All credits must be earned on the Idaho State University campus except in the following instances: (1) In all degree programs a total of nine semester credits may be transferred from an accredited institution. Transfer of residence credits from an accredited institution is acceptable only if the courses were taken as resident credits at that institution and are specifically approved by the Office of Graduate Studies and Research and the academic department of ISU when the final program of study is submitted; (2) Extension credits earned through ISU but taught by instructors other than approved faculty of ISU are treated as transfer credits. Official transcripts to be used for transfer of credits in a degree program must be received before application for a degree will be approved.
Transfer of Credits from Unclassified to Classified Status. Students may petition the Dean of Graduate Studies and Research to transfer course work taken while under Unclassified status to a degree program. The total number shall not be more than 30% of the credits of the program of work required of each student for the degree.
Transfer of Credits from One Program to Another. There are no limits to the number of credits which may be applied toward a master's degree program which were originally awarded in a different degree program if a) the student was not awarded a degree in the original program and b) the department approves the transfer of such credits and the courses taken meet the requirements for the degree approved by the Graduate Council. There are no limitations with respect to electives which exceed the requirement for the degree.
Departments and/or colleges may allow students to apply up to nine semester credit hours earned at ISU to two master's degrees.
Departments may accept credits by transfer in toto or in part from a master's degree earned at ISU or at another institution regardless of age of the courses. See section on Time Limits for further discussion of this policy.
All credits which are to be applied to an advanced degree must be earned as resident credits or accepted for transfer as described in the Transfer of Credits section. Resident credits are those earned on the Idaho State University campus except in the following instances: (1) With the approval of the department and college offering the degree, graduate credits earned in the Boise Cooperative Graduate Center, Twin Falls Graduate Center, or Idaho Falls Graduate Center are considered resident credits and may be applied toward an advanced degree. (2) Extension courses approved by the Graduate Council and taught solely by approved faculty of ISU may be, with departmental approval, accepted as resident credit, but only when normal instruction does not demand special facilities available only on campus. A maximum of 15 credits earned under these circumstances may be applied toward a degree.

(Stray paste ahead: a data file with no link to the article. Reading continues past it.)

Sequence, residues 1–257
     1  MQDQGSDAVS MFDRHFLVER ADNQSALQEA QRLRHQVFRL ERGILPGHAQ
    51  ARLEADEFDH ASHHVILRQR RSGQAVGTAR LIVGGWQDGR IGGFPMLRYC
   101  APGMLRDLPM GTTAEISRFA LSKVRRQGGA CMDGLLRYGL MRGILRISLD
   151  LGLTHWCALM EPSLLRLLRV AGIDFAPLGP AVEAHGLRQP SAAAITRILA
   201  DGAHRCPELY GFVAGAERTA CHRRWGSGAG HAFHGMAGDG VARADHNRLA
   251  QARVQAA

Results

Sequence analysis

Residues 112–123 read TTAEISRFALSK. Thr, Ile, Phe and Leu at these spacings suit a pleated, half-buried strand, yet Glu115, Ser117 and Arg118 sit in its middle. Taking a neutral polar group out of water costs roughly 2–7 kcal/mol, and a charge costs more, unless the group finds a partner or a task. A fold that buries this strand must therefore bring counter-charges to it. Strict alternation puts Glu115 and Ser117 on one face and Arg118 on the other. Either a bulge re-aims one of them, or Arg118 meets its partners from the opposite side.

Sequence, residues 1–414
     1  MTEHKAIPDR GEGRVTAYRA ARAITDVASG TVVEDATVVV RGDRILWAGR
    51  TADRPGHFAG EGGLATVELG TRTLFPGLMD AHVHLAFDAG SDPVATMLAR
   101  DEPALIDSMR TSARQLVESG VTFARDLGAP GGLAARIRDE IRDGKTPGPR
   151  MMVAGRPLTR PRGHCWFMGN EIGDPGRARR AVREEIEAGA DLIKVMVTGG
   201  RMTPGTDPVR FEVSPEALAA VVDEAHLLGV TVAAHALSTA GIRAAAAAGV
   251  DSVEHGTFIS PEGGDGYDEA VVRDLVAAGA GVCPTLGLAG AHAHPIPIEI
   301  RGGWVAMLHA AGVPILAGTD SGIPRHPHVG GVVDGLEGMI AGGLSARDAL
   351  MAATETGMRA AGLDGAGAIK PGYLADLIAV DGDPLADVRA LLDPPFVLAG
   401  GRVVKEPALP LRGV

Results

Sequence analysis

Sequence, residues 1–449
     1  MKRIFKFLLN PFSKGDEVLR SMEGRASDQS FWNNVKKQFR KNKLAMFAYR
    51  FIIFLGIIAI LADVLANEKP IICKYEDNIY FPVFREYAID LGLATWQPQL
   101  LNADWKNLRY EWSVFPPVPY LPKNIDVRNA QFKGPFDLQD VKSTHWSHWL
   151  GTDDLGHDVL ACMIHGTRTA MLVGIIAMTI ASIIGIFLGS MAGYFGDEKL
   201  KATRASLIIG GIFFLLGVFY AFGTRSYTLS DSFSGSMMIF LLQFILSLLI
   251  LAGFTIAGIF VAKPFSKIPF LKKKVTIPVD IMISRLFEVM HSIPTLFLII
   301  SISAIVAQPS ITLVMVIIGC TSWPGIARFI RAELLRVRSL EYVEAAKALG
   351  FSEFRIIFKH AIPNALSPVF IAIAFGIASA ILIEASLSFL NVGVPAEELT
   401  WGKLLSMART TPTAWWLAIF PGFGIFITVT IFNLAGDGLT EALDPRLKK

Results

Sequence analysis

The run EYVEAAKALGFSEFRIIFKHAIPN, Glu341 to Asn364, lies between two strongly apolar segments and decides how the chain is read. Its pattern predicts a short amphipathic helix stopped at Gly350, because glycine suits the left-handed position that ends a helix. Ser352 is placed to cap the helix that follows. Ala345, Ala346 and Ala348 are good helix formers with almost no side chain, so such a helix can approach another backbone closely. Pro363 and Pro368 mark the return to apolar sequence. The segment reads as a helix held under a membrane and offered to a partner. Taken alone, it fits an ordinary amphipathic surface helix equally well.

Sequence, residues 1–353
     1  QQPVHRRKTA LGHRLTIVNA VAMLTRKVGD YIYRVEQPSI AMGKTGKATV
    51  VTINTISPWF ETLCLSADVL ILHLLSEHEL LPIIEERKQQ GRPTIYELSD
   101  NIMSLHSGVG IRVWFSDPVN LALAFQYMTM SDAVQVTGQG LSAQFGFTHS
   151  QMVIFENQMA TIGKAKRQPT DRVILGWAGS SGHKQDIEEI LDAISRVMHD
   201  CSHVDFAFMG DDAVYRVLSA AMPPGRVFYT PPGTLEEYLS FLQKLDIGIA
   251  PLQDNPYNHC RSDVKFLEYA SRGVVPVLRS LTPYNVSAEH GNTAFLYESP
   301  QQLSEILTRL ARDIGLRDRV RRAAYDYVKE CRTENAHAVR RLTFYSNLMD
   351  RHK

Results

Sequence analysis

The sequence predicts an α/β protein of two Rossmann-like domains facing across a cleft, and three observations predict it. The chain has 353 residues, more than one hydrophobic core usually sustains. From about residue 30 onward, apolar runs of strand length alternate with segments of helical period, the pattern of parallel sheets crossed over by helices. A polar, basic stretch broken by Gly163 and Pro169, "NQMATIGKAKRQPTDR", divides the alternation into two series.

No credit obtained by correspondence may be counted toward a graduate degree at ISU.
All requirements for a master's degree or educational specialist degree must be completed within eight years preceding the student's graduation. An extension of time may be obtained for good cause with the approval of the Graduate Council (file petition through the Office of Graduate Studies and Research).
The doctorate is a research or performance degree and signifies that the holder has the competence to function independently at the highest level of endeavor in the chosen profession. Hence, the number of years involved in attaining or retaining competency cannot be readily specified. Rather, it is important that the doctoral student's competency be assessed and verified in a reasonable period of time prior to conferral of the degree.
The comprehensive examination is the method of assessing whether the student has attained sufficient knowledge of the discipline and supporting fields in order to undertake the independent research or practice. It is expected that the examination will occur after all course work has been completed and language or other requirements satisfied, and it consists of a series of examinations covering all areas specified in the plan of study.
Because the comprehensive examination attests to the academic competence of the student who is about to become an independent researcher or practitioner, the examination should not precede the degree by too long a period of time. Consequently, doctoral candidates are allowed no more than five years in which to complete remaining degree requirements. In the event a student fails to complete the doctorate within five years after passing the comprehensive examination, an extension of time can be obtained only by: a) The student getting a specified set of requirements from the student's committee which states in writing what must be done to make the candidate up-to-date in the discipline. These new requirements for obtaining an extension may include the necessity to repeat parts or all of the comprehensive examination; b) The student must then submit a petition to the Graduate Council for the extension and provide the written documents showing the additional requirements established by the student's committee justifying the requested extension.